Getting Past Tumor 'Bouncers,' Nanoparticles Dress for Success

By Lila Abassi — Apr 11, 2016
Drexel University scientists have dressed their nanoparticle with tumor-fighting success, by using polyethylene glycol as an anchor for an enzyme to break down a tumor's extracellular matrix. That allows chemotherapy drugs to reach the tumor's core.
Nanoparticles via Shutterstock Nanoparticles via Shutterstock

We have all been there, waiting outside the velvet rope peering in – knowing that what keeps us from having a great night are the big, mean bouncers standing guard.  This time, however, we’ve come prepared. We are wearing the outfit – the one that not even the meanest bouncer is immune to.

This is a rather apt metaphor for nanoparticles —microscopic particles that have multiple applications — especially for cancer drug delivery.  Published in the journal Nano Letters, scientists at Drexel University have been able to figure out a way to “dress” these infinitesimal vehicles in such a way to “get them past the tumor’s biological bouncers,” and to the tumor’s inner sanctum.

It has been a challenging feat to design nanoparticles that not only transport chemotherapy drugs to the cancer site, but then enable the diffusion of these particles within solid tumors. Part of the tumor’s outer environment, the extracellular matrix, provides a barrier between the tumor and the drug. To address this, scientists created an enzyme, hyaluronidase (recombinant human hyaluronidase), that they attached to nanoparticles which would enable them to break down the hyaluronic acid component of the tumor’s extracellular matrix. Hyaluronic acid reduces the therapeutic diffusion of the nanoparticles within the tumor.

By modifying the surface of the nanoparticle with polyethylene glycol (PEG) to serve as an anchor for the conjugation of hyaluronidase, the group was able to prevent the degradation of this enzyme in the body. In mouse models the result was the quadrupling and uniform distribution of these modified nanoparticles within breast tumors. A very low dose of the chemotherapy medication, doxorubicin, encapsulated within the nanoparticles had efficiently inhibited aggressive tumor growth.

This is especially important, since doxorubicin is a rather nasty chemo drug, which is reflected by its side effects. It has a high emetogenic risk, as well as significant cardiotoxicity, which limits the lifetime dose. Any technology that can localize the concentration of the drug will provide a huge benefit to the patient.

“What we’ve reported here is a strategy to overcome biological barriers that plague delivery of medication, such as non-vehicle clearance in the bloodstream by the host immune system, and ineffective diffusion in the extracellular matrix of tumor cells,” according to lead author Hao Cheng, PhD, an assistant professor with an appointment in Drexel’s College of Engineering, and affiliated with the School of Biomedical Engineering, Science and Health Systems. “It’s a unique strategy that involves the decoration of nanovehicles with enzymes known to break down hyaluronic acid, which is a main barrier in the extracellular space, and the addition of an extra layer of polyethylene glycol to partially cover the enzymes.”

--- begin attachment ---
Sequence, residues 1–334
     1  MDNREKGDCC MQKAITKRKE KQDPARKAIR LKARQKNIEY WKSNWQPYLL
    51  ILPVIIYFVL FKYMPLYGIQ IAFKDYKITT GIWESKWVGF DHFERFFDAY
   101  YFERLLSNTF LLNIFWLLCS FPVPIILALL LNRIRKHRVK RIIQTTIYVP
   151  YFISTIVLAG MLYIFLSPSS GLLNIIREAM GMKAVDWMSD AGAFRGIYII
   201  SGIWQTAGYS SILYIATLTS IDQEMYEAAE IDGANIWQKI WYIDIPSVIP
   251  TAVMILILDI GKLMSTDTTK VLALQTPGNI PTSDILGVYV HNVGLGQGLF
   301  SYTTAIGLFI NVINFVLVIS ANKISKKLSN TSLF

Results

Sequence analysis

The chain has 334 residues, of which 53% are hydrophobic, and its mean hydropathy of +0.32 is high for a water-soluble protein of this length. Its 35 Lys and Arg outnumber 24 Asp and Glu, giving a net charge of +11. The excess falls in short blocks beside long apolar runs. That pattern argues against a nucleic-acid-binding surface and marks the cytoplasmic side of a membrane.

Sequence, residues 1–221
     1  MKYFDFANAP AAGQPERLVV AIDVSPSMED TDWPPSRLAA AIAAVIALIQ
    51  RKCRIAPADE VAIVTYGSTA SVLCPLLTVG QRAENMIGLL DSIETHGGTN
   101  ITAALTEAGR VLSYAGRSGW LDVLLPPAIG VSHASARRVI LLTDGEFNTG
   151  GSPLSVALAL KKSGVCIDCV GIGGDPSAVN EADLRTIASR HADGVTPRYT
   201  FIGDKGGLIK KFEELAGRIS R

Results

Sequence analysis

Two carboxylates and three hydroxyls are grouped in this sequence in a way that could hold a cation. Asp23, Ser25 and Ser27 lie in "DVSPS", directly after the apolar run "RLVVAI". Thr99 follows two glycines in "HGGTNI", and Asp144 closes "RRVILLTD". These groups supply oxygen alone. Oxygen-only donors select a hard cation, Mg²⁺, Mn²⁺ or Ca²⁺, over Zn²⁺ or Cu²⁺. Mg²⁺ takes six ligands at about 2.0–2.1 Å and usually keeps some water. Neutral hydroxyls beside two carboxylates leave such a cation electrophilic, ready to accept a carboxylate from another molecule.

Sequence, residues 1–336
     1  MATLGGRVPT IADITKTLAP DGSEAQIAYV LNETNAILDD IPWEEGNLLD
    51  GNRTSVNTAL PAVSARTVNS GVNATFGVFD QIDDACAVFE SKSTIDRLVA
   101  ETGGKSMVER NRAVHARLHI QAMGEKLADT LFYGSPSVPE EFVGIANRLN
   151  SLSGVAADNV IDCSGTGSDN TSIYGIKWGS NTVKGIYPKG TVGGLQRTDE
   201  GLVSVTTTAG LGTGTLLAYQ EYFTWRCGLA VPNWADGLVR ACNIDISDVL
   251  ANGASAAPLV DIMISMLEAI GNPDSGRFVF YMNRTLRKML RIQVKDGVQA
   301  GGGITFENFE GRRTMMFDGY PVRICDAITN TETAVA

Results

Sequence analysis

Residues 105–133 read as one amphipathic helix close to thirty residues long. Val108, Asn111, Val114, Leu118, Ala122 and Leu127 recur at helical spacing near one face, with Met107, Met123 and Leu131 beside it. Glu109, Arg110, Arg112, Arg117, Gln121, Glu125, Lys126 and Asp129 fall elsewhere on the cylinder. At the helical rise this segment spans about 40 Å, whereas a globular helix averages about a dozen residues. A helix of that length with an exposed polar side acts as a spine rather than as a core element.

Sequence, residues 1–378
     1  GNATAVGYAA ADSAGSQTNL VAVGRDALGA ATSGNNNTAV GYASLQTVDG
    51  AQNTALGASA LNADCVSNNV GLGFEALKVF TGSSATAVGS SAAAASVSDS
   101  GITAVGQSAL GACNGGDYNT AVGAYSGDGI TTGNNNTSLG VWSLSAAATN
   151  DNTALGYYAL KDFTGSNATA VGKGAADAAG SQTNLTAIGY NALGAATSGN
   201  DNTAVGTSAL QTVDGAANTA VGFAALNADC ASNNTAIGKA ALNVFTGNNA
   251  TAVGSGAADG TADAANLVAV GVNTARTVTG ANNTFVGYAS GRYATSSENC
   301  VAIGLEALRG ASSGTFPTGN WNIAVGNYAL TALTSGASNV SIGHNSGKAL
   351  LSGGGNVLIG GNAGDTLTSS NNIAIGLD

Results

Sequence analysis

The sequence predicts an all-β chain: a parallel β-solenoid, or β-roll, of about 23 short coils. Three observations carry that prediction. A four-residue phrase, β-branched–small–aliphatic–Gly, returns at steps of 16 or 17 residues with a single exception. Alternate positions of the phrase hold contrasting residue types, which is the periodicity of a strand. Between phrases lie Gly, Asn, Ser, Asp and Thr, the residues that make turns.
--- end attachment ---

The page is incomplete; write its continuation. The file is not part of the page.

The elegance of this approach has been a result of many attempts at creating a vehicle with the right amount of cargo, so that it would not be weighed down with added bulk. Drexel researchers realized that they could create nanoparticles with the proper enzymes attached to degrade the extracellular matrices of tumors. However, once in the body these particles would either end up cleared by the bloodstream or the enzymes would become inert en route to the tumor.

“The novelty of our design is that we partially embedded the hyaluronidase enzymes in a second polyethylene glycol layer to form the outer shell of the nanoparticle,” stated Dr. Cheng. “This design dramatically reduces the enzyme’s effect on slowing the particle’s circulation and allows the enzymes to maintain their function after the particle diffuses into the tumor.”

The advantages of using nanoparticles as a drug delivery system include:

  • the facile manipulation of the size and surface characteristics of the nanoparticles, which can be used for both active and passive drug targeting
  • nanoparticles can be designed to control and sustain drug release during transport, as well as determine the location of release
  • alteration of distribution and clearance of the drug means increased drug efficacy at reduced doses, and a reduction in side effects
  • multiple routes of administration (oral, nasal, injection, intra-ocular)

Hopefully, these results will provide a new weapon for effective and efficient drug delivery and distribution. This would go a long way to providing many cancer patients with a successful response to chemotherapy with markedly reduced adverse events.

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